Turner left a small fortune which he hoped would be used to support what he called "decayed artists". He planned an almshouse at Twickenham with a gallery for some of his works. His will was contested and in 1856, after a court battle, his first cousins, including Thomas Price Turner, received part of his fortune. Another portion went to the Royal Academy of Arts, which occasionally awards students the Turner Medal. His finished paintings were bequeathed to the British nation, and he intended that a special gallery would be built to house them. This did not happen due to disagreement over the final site. Twenty-two years after his death, the British Parliament passed an act allowing his paintings to be lent to museums outside London, and so began the process of scattering the pictures which Turner had wanted to be kept together.
One of the greatest collectors of his work was Henry Vaughan who when he died in 1899 owned more than one hundred watercolours and drawings by Turner and as many prints. His collection included examples of almost every type of work on paper the artist produced, from early topographical drawings and atmospheric landscape watercolours, to brilliant colour studies, literary vignette illustrations and spectacular exhibition pieces. It included nearly a hundred proofs of Liber Studiorum and twenty-three drawings connected with it. It was an unparalled collection that comprehensively represented the diversity, imagination and technical inventiveness of Turner's work throughout his sixty-year career. Vaughan bequeathed the most of his Turner collection to British and Irish public galleries and museums, stipulating that the collections of Turner's watercolours should be 'exhibited to the public all at one time, free of charge and only in January', demonstrating an awareness of conservation which was unusual at the time.
In 1910, the main part of the Turner Bequest, which includes unfinished paintings and drawings, was rehoused in the Duveen Turner Wing at the National Gallery of British Art (now Tate Britain). In 1987, a new wing at the Tate, the Clore Gallery, was opened to house the Turner bequest, though some of the most important paintings remain in the National Gallery in contravention of Turner's condition that they be kept and shown together. Increasingly paintings are lent abroad, ignoring Turner's provision that they remain constantly and permanently in Turner's Gallery.
St. Mary's Church, Battersea added a commemorative stained glass window for Turner, between 1976 and 1982. St Paul's Cathedral, Royal Academy of Arts and the Victoria & Albert Museum all hold statues representing him. A portrait by Cornelius Varley with his patent graphic telescope (Sheffield Museums & Galleries) was compared with his death mask (National Portrait Gallery, London) by Kelly Freeman at Dundee University 2009-10 to ascertain whether it really depicts Turner. The City of Westminster unveiled a memorial plaque at the site of his birthplace at 21 Maiden Lane, Covent Garden 2 June 1999.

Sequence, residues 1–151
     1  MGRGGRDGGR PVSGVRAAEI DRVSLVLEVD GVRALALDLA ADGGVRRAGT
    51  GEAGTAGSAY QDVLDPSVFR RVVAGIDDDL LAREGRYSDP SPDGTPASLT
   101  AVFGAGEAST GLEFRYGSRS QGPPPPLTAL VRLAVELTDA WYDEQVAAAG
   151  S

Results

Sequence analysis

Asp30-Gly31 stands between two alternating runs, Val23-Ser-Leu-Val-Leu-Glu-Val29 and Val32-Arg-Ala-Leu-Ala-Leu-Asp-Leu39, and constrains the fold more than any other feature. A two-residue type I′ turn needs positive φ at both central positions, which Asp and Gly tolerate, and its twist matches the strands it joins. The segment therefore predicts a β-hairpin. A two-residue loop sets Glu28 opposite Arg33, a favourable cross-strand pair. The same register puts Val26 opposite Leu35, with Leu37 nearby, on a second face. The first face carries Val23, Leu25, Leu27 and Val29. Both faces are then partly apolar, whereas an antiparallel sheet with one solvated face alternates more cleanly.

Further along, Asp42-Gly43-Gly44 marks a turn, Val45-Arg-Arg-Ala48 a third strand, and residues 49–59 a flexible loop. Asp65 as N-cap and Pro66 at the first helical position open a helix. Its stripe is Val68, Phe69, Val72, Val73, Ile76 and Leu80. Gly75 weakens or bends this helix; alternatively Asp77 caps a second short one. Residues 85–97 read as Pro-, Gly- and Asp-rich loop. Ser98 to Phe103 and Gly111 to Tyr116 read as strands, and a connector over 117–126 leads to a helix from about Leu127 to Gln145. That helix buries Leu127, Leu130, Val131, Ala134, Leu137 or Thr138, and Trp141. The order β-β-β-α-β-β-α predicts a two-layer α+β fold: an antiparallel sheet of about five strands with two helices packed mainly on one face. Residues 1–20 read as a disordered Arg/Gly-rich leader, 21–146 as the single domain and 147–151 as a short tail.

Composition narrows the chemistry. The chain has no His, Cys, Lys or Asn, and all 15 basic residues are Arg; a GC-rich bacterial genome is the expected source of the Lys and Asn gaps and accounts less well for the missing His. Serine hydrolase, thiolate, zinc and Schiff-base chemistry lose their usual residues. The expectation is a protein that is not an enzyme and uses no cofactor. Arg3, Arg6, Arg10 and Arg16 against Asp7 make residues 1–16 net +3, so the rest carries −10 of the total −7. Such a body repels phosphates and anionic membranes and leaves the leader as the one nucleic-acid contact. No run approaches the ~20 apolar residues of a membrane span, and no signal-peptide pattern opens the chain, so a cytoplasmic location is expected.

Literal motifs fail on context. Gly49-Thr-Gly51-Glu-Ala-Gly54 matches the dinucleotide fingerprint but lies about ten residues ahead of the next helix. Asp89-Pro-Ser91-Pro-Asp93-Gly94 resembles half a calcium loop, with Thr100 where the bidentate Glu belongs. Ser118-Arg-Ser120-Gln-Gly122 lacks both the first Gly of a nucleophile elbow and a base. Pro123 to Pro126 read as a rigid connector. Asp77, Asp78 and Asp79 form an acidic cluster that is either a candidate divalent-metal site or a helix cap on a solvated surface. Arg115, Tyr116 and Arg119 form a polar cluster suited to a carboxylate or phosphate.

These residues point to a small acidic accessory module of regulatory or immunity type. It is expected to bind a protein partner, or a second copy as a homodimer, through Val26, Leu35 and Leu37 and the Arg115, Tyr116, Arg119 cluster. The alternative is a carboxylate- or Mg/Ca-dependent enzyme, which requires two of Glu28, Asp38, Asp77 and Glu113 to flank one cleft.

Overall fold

Selby Whittingham founded The Turner Society at London and Manchester in 1975. After the society endorsed the Tate Gallery's Clore Gallery wing (on the lines of the Duveen wing of 1910), as the solution to the controversy of what should be done with the Turner Bequest, Selby Whittingham resigned and founded the Independent Turner Society. The Tate created the prestigious annual Turner Prize art award in 1984, named in Turner's honour, and 20 years later the Royal Institute of Painters in Water Colours founded the Winsor & Newton Turner Watercolour Award. A major exhibition, "Turner's Britain", with material (including The Fighting Temeraire) on loan from around the globe, was held at Birmingham Museum and Art Gallery from 7 November 2003 to 8 February 2004. In 2005, Turner's The Fighting Temeraire was voted Britain's "greatest painting" in a public poll organised by the BBC.
Leo McKern played Turner in The Sun is God, a 1974 Thames Television production directed by Michael Darlow. The programme aired on 17 December 1974, during the Turner Bicentenary Exhibition in London. British filmmaker Mike Leigh wrote and directed Mr. Turner, a biopic of Turner's later years, released in 2014. The film starred Timothy Spall as Turner, Dorothy Atkinson, Marion Bailey and Paul Jesson, and premiered in competition for the Palme d'Or at the 2014 Cannes Film Festival, with Spall taking the award for Best Actor.
The Bank of England announced that a portrait of Turner, with a backdrop of The Fighting Temeraire, would appear on the £20 note beginning in 2020. It is the first £20 British banknote printed on polymer. It came into circulation on Thursday 20 February 2020.
At the turn of the 18th century, history painting was the highest purpose art could serve, and Turner would attempt those heights all his life. But his real achievement would be to make landscape the equal of history painting.
St Mary's Modern Stained Glass